A major reason why this is because the EU is a very weak organization. Andrew Moracivik of Harvard University probably has the best perspective on this. He rightly claims that the EU gets the policy areas that governments don't want, and States vigorously defend against EU roachment into core areas of competence Look at the balance sheet. Most of the EU's budget is made up of... Structural Funds (regional aid to less developmed members of the Union) and Agricultural subsidies(like 85% i think?). The major policy areas are Agricultural subsidies, Strucutral funds, the European Monetary Union, Foreign Trade policy (but not foreign policy), enviromental legislation (including fishing) and the Schengen Aquis (border controls). They are really underwhelming. States still have control over, Healthcare, Tax policy, Defence, Education, Social programs, Foreign policy and Economics
Furthermore, if states still want to control over monetary policy, defence policy or border controls, they can opt out of them or not join the Aquis.

The major hindereance for the EU's identity is that it does not control the major areas that create state identity and probably never will. For example, States control Education. Education is vitally important for state Idenity because governments form little citizens every day at school. Ever wonder why we have to sing our national anthem every day? because its the government ingraning a social identity into you. no I am not some conspiracy theorist. Look at when the Modern nation state formed. France used to be made up of little pricipalities, such as Burgandy, Mergovinian, Norman ect ect. Even up to the 18th century people reffered to themselves as these groups. In france they died out after the revolution because the state started educating people and forming a concrete identity through education and popular culture. Furthermore social policy, such as welfare and healthcare are also firmly entrenched in states, not the EU. Look at canadians, one of the things we pride ourselves is National Healthcare. In Europe, social policy is so vital that the state remains as the locus of these policies.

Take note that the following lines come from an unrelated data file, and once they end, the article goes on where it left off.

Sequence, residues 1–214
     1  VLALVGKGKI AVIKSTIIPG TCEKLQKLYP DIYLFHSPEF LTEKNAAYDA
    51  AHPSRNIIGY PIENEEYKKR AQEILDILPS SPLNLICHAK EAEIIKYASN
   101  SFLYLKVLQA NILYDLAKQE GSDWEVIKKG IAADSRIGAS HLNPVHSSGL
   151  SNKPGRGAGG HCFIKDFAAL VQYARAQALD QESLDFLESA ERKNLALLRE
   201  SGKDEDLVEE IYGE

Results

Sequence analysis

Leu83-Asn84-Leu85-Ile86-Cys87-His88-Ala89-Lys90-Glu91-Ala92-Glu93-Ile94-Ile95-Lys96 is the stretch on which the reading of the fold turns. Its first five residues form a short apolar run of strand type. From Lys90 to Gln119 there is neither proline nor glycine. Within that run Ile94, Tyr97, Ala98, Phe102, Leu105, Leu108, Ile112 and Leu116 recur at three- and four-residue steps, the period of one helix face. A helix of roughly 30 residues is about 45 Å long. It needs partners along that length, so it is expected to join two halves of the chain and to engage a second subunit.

The two main areas of identity instruments alluded to in the article, the Euro and Schengen (border checks) are opt outable, and are there because its the are attractive for cooperation. For example, European Monetary Union has been around for quite some time, just not officially. For quite some time states have pegged their dollar and their interest rates to the Bundesbank rate. The only difference is now people outside of germany get a say in the Bundesbank rates, and you have a new shiny Euro as pecuniary unit. the EU won't have for quite some time a common tax policy and its current finacial regulations are in such disarray that its likely they will be scrapped or loosend into irrelevance.